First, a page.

July 30, 2015 by admin
In case an adversary forces you to reveal your password, TrueCrypt provides and supports two kinds of plausible deniability:
- Hidden volumes (for more information, see the section Hidden Volume below) and hidden operating systems (see the section Hidden Operating System).
- Until decrypted, a TrueCrypt partition/device appears to consist of nothing more than random data (it does not contain any kind of “signature”). Therefore, it should be impossible to prove that a partition or a device is a TrueCrypt volume or that it has been encrypted (provided that the security requirements and precautions listed in the chapter Security Requirements and Precautions are followed). A possible plausible explanation for the existence of a partition/device containing solely random data is that you have wiped (securely erased) the content of the partition/device using one of the tools that erase data by overwriting it with random data (in fact, TrueCrypt can be used to securely erase a partition/device too, by creating an empty encrypted partition/device-hosted volume within it). However, you need to prevent data leaks (see section Data Leaks) and also note that, for system encryption, the first drive track contains the (unencrypted) TrueCrypt Boot Loader, which can be easily identified as such (for more information, see the chapter System Encryption). When using system encryption, plausible deniability can be achieved by creating a hidden operating system (see the section Hidden Operating System).Although file-hosted TrueCrypt volumes (containers) do not contain any kind of “signature” either (until decrypted, they appear to consist solely of random data), they cannot provide this kind of plausible deniability, because there is practically no plausible explanation for the existence of a file containing solely random data. However, plausible deniability can still be achieved with a file-hosted TrueCrypt volume (container) by creating a hidden volume within it (see above).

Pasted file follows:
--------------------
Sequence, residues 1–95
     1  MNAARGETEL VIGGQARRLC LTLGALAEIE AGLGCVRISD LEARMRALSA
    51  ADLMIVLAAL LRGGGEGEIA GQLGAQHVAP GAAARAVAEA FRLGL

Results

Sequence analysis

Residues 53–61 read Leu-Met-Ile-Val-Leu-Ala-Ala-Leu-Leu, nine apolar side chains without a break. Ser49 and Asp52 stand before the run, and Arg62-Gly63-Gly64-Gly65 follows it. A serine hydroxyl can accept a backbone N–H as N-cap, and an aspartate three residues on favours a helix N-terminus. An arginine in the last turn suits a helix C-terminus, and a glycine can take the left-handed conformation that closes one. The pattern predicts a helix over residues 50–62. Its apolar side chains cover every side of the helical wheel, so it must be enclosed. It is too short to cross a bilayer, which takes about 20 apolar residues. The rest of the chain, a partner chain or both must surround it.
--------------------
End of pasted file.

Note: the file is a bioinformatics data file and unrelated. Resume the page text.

- When formatting a hard disk partition as a TrueCrypt volume (or encrypting a partition in place), the partition table (including the partition type) is never modified (no TrueCrypt “signature” or “ID” is written to the partition table).
- There are methods to find files or devices containing random data (such as TrueCrypt volumes). Note, however, that this should not affect plausible deniability in any way. The adversary still should not be able to prove that the partition/device is a TrueCrypt volume or that the file, partition, or device, contains a hidden TrueCrypt volume (provided that you follow the security requirements and precautions listed in the chapter Security Requirements and Precautions and in the subsection Security Requirements and Precautions Pertaining to Hidden Volumes).